Follow this advice about off-grid living from a 20-year veteran of producing utility-free electricity.
Both idealistic and practical reasons led my wife Michelle and me to choose off-grid living 20 years ago. After a five-year search for rural property, we found 150 acres in the woods of eastern Ontario and struck out in 1998 to build our farm and homestead.
We suffered major sticker shock when our local utility quoted us $100,000 to connect to the electricity grid. Today, we’d be looking at closer to $200,000 to connect. Especially with today’s lower prices for renewable energy and advancements in technology, if I were starting over, I’d still happily make the choice to go off-grid.
When Michelle and I purchased our 1888 farmhouse, it was powered by eight 60-watt solar panels. We added four 75-watt panels, which were $750 each, or $10 per watt. The following year, we replaced our propane fridge with an electric model and added another four panels. (Today, those panels would cost us one-tenth of what we paid, because the cost has plummeted to about $1 per watt!) My neighbor helped me build and weld my own solar tracker, which allows our solar array to follow the trajectory of the sun across the sky. While solar trackers aren’t necessary, they’ve increased the energy output of our system by about 20 percent.
Several years later, we were offered four 175-watt panels at an excellent price, so I went to work building another solar tracker. For each solar panel we add to our array, life gets noticeably easier because we can use appliances that might have been too energy-intensive for our previous setup. Each addition also allows us to reduce our reliance on propane, which supplements our energy for cooking and heating water. Our arrays now hold 2,300 watts’ worth of solar panels, which is more than sufficient to run a refrigerator, a freezer, two laptop computers, an LCD television and DVD player, satellite TV and Internet, a washing machine, and a kitchen fully stocked with appliances. We get by without air conditioning, which would be a major energy hog. (See “Daily Energy Consumption on the Mather Homestead,” below, for a breakdown of our appliances’ energy use.)
Lesson: Purchase additional solar panels as soon as you can afford them. In hindsight, I wish we’d had the money to purchase more photovoltaic panels sooner. Each additional solar panel has made off-grid living more comfortable — ah, the simple joy of a toaster! — and has given us more confidence to use less propane and more solar-powered electricity for our cooking and baking.
You can install grid-tied solar panels without batteries, but to be off-grid, you’ll need batteries to store power for use at night. We replaced our system’s existing nickel-cadmium battery bank that was at the end of its life with $4,000 worth of large, deep-cycle, lead-acid batteries. The batteries are the only part of our electrical system that requires regular attention. I monitor the batteries’ state of charge and periodically add distilled water to them. You’ll need to ensure that your batteries never fall below 50 percent of their charge. Never paying an electricity bill or experiencing a power outage is more than enough compensation for the time I spend to maintain our batteries.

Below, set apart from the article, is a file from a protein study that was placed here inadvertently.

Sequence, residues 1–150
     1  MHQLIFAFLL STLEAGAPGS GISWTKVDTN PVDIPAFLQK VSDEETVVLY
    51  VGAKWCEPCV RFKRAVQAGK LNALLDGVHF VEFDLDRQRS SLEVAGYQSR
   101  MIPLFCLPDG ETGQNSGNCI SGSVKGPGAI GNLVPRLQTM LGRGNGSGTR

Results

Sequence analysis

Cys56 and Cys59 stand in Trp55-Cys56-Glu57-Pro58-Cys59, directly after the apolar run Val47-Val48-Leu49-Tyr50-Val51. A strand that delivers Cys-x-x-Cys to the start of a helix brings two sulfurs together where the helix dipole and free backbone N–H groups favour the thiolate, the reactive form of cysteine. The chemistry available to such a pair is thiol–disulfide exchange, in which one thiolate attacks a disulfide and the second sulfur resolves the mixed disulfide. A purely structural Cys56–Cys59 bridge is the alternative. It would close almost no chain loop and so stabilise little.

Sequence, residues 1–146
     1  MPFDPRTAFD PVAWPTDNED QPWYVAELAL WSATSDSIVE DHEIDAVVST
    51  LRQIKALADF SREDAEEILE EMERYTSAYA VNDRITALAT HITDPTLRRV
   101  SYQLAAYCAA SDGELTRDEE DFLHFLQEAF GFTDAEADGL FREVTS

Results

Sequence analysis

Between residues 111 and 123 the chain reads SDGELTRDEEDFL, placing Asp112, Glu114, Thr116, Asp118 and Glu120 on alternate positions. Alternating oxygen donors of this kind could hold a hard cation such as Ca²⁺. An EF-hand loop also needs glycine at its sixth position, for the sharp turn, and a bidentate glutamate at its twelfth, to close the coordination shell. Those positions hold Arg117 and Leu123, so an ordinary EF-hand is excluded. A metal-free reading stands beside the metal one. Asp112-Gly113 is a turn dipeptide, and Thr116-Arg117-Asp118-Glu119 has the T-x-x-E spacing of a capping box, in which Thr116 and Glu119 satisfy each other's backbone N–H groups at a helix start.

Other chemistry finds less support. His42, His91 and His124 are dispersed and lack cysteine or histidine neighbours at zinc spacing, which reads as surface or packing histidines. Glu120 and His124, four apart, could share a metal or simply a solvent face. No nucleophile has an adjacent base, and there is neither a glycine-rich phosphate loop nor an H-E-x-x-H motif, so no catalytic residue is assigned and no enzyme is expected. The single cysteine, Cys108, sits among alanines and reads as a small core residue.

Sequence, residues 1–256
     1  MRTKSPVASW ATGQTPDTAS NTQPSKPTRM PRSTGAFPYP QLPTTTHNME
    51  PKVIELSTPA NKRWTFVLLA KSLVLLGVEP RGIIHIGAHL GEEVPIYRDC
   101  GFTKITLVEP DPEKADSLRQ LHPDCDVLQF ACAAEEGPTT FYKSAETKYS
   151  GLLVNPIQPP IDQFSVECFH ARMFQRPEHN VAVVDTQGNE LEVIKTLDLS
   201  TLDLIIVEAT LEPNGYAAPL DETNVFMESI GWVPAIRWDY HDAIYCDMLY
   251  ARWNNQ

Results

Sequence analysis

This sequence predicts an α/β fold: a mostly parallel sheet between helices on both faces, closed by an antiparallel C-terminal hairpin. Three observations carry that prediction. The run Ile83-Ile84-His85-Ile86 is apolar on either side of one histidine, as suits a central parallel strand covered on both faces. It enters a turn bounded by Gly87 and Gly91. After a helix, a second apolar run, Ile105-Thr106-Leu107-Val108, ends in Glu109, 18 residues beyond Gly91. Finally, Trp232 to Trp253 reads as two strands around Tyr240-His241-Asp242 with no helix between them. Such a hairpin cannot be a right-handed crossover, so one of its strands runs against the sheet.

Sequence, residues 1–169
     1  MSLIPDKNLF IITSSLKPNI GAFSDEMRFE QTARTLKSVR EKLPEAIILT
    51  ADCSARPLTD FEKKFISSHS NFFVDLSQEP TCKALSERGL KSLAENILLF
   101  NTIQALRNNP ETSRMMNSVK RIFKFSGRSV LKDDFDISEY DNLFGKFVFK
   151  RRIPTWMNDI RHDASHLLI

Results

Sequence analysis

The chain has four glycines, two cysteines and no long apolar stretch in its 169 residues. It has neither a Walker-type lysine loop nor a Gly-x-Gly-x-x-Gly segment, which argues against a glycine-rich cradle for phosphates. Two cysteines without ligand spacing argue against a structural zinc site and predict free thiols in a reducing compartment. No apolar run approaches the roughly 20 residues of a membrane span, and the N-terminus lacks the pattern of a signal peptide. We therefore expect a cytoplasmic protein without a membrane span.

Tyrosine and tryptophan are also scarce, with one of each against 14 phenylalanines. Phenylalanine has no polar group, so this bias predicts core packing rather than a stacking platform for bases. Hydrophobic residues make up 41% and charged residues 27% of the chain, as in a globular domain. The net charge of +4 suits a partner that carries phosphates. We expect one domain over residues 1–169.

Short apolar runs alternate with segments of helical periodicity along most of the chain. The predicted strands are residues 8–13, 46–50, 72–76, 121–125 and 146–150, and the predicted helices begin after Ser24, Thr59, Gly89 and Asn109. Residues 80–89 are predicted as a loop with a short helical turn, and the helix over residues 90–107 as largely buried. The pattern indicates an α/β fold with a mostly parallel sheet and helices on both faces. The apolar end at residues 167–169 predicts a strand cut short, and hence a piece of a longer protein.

Lesson: Don’t undersize battery banks in off-grid installations. With today’s low PV panel prices, strive to oversize both your solar array and your battery bank. You’ll worry less about maintaining your electricity system, and you’ll run your generator less often.
When we moved here, a broken wind turbine on a 60-foot tower sat on the property. (Turbines are mechanical entities that operate in extremely unforgiving conditions and, therefore, have a tendency to break.) I ultimately replaced the unit with a 1-kilowatt Bergey wind turbine on a 100-foot tilt-up tower. That was a huge undertaking for me, but I couldn’t find a dealer willing to do the installation. The effort to install and maintain the turbine has proved worthwhile, however, because wind picks up the slack when solar conditions aren’t ideal.
Lesson: Diversify your energy sources. Renewable energy sources can complement each other. Before we erected our wind turbine, we ran our backup propane generator 12 to 15 times per year. By investing in a hybrid solar/wind system, we’ve reduced the frequency of our generator use to just five or six times each year, mostly during the dark days of fall and early winter, when there is neither enough sun nor wind to keep our batteries charged.
Lesson: Consider wind turbine siting. To get the most out of a wind turbine, try to locate it in an open area or near a body of water. Ideally, your wind turbine should be 300 feet from barns, silos and tree lines, and at least 30 feet taller than objects that may cause turbulence. Our tree line is about 60 feet tall, our tower is 100 feet high, and we are surrounded by a forest, so while we don’t have the ideal setting, our wind power output is satisfactory, especially during November and December (our cloudiest, windiest months).
Lesson: Plan for surprises and prepare for emergencies. We went to great lengths to carefully ground and protect our wind turbine and tower from lightning, but despite our efforts, a bolt struck them in the summer of 2013. The broken DC rectifier was relatively inexpensive to replace, but we did have to lower the tower, which was a stressful experience. The takeaway? You’ll be faced with emergencies, but a diversified mix of energy sources will create a more secure off-grid setup that can weather any crisis.
Conventional grid-tied homes using fossil fuels produce about 60 percent of their carbon emissions from heating. In contrast, we heat our home with a highly efficient Pacific Energy non-catalytic woodstove and cut all of our firewood on our land. Heating with wood from our well-managed woodlot is carbon-neutral, because new growth will recapture the amount of carbon released from the trees we cut.